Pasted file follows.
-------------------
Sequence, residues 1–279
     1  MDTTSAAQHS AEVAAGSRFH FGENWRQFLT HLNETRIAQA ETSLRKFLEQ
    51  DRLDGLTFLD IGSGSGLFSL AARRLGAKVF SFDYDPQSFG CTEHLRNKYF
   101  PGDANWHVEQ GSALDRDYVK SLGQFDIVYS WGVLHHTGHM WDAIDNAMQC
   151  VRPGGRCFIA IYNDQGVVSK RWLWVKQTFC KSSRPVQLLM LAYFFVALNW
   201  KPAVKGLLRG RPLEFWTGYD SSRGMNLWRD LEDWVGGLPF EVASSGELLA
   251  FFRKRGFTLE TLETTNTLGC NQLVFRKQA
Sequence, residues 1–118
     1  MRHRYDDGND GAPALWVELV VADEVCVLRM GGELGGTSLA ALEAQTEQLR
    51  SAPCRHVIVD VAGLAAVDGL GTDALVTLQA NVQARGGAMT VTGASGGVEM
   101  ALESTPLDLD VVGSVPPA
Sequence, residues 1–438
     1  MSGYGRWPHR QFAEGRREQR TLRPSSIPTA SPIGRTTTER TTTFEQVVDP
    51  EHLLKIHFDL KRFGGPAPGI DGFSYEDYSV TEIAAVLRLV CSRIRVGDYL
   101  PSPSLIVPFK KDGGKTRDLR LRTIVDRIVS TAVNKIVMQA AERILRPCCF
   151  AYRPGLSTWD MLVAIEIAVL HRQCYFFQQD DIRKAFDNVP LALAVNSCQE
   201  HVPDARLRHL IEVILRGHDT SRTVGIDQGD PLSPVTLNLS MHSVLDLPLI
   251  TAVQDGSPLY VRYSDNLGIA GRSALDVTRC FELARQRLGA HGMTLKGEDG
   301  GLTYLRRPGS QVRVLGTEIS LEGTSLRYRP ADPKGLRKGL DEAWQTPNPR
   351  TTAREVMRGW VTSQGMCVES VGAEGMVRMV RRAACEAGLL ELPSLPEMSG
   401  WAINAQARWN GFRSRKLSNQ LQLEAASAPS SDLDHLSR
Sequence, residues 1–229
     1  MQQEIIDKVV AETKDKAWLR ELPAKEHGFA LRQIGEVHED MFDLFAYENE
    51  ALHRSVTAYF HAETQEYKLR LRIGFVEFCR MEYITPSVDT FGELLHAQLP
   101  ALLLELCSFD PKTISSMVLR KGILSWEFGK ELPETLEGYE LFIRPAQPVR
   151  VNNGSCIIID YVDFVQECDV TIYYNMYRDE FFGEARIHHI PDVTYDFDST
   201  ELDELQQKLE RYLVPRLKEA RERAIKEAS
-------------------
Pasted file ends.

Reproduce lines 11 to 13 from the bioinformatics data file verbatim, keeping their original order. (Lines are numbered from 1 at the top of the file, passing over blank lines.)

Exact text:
   101  ALESTPLDLD VVGSVPPA
Sequence, residues 1–438
     1  MSGYGRWPHR QFAEGRREQR TLRPSSIPTA SPIGRTTTER TTTFEQVVDP